|Born:||December 14, 1939|
New Salem, Pennsylvania
|Died:||May 18, 1963 (aged 23)|
|Height:||6 ft 2 in (1.88 m)|
|Weight:||212 lb (96 kg)|
|High school:||Elmira (NY) Free Academy|
|NFL Draft:||1962 / Round: 1 / Pick: 1|
|AFL draft:||1962 / Round: 1 / Pick: 4|
|* Offseason and/or practice squad member only|
|Career highlights and awards|
Davis played college football for Syracuse University and was the first pick in the 1962 NFL Draft. Selected by the Washington Redskins of the National Football League (NFL) in December 1961, he was then almost immediately traded to the Cleveland Browns and issued number 45.
Davis was diagnosed with leukemia in the summer of 1962, and died less than a year later at age 23, without ever playing in a professional game. He was inducted into the College Football Hall of Fame in 1979, and was the subject of the 2008 Universal Pictures film The Express: The Ernie Davis Story, based on the non-fiction book Ernie Davis: The Elmira Express, by Robert C. Gallagher.
Davis was born in New Salem, Pennsylvania. His father was killed in an accident shortly after his birth, and his mother, Avis Marie Davis Fleming, could not raise him alone. At fourteen months, he was cared for by his maternal grandparents, Willie and Elizabeth Davis, in Uniontown, Pennsylvania. At age 12, he went to live with his mother and stepfather in Elmira, New York, where he excelled in baseball, basketball, and football in grade school. He attended Elmira Free Academy, where he earned two All-American honors. At the end of his senior season he was recruited by numerous colleges, and chose to attend Syracuse University after being persuaded by Jim Brown, a Syracuse alumnus.
Davis played football for coach Ben Schwartzwalder at Syracuse University from 1959 to 1961, and went on to national fame in each of those three seasons, twice winning first-team All-American honors. As a sophomore, Davis led the 1959 Syracuse team to a national championship, capping an 11–0 season with a 23–14 win over the Texas Longhorns in the 1960 Cotton Bowl Classic, where Davis was named Most Valuable Player. That same season, Elmira Star-Gazette sports writer Al Mallette coined the nickname for Davis, the "Elmira Express". In his junior year, 1960, he set a record of 7.8 yards per carry and was the third leading rusher in the country with 877 yards, having rushed for 100 yards in six of nine games. The 1960 Syracuse Orangemen finished with a record of 7–2 and did not play in a post-season bowl game. In Ernie's senior year, the 1961 Orangemen finished with a record of 8–3, closing the season with a 15–14 victory over the Miami Hurricanes in the Liberty Bowl, played at Philadelphia's Franklin Field. College football used limited substitution rules at the time and players played both offense and defense.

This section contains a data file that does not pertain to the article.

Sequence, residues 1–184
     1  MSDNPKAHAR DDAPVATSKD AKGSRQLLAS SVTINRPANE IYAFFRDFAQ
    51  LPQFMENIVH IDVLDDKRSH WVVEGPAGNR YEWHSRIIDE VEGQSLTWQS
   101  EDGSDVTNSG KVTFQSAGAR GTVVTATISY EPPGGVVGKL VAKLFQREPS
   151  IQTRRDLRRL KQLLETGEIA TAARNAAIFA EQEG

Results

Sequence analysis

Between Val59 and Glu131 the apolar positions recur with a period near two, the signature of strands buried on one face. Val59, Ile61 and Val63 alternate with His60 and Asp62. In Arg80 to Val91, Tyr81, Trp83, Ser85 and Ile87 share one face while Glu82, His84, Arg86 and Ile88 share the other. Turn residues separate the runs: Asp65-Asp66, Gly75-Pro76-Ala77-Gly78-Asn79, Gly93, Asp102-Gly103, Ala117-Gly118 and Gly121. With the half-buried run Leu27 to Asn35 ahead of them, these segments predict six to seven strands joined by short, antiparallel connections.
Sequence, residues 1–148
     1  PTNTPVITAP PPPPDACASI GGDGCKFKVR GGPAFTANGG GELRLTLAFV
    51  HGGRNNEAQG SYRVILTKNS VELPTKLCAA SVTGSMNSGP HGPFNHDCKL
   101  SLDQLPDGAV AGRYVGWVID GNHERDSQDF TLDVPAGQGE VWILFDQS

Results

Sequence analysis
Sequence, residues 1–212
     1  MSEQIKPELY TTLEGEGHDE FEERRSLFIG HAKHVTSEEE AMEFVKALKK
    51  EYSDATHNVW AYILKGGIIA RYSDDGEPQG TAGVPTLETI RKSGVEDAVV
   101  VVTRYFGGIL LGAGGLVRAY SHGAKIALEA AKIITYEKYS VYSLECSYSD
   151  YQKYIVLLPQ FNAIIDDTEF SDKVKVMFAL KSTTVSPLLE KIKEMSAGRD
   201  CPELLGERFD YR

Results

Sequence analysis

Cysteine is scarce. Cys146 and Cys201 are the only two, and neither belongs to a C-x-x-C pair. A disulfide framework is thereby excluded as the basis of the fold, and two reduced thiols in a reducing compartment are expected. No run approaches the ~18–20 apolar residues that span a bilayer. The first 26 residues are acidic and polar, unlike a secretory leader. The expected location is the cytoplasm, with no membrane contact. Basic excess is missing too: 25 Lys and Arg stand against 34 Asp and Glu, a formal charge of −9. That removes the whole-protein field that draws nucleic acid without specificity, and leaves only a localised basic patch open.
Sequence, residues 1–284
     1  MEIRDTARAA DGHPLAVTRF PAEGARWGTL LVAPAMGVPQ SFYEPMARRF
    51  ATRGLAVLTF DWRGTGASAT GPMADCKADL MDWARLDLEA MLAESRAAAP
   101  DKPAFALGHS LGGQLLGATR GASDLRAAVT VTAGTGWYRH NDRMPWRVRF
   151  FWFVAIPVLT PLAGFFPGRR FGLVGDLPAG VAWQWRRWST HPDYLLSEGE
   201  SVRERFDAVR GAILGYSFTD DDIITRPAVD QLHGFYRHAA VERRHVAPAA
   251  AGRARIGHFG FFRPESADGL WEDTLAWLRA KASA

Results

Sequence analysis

Davis found discrimination prevalent in the American South during his Cotton Bowl visit to host city Dallas, Texas. Author Jocelyn Selim writes that at the banquet following the 1960 game, Davis was told he could only accept his award and then would be required to leave the segregated facility. Davis and his black teammates were allowed to finish their meals at the banquet. When dessert was brought, a gentleman quietly approached them and told them they would have to leave when the doors were opened to the public for a dance. The three got up to leave and when the teammates found out, they wanted to leave too, but were told that it would only cause a bigger problem, so they stayed.
A different account of the banquet is given by John Brown. He was Davis' teammate at Syracuse and on the Cleveland Browns, his roommate and a close friend. According to an article in the Houston Chronicle, all the players from the game attended the banquet. Brown recalls that the teams sat on opposite sides of the room. After everyone ate and the trophies were handed out, the three black Syracuse players, including Brown and Davis were asked to leave and were taken to another party in Dallas by local NAACP representatives. One Syracuse player, Gerhard Schwedes, recommended that the whole Syracuse team leave the banquet to show solidarity with their black teammates, but the suggestion was overruled by Syracuse officials. When the Chronicle asked Brown whether the film The Express is a truthful portrayal of his friend, Brown said " ... in short, no."
Davis became the first black athlete to be awarded the Heisman Trophy (the highest individual honor in collegiate football) and he also won the Walter Camp Memorial Trophy following his 1961 senior-year season at Syracuse University. President John F. Kennedy had followed Davis' career and requested to meet him while he was in New York to receive the trophy. Later in 1963, when Elmira chose February 3 to celebrate Davis' achievements, Kennedy sent a telegram, reading: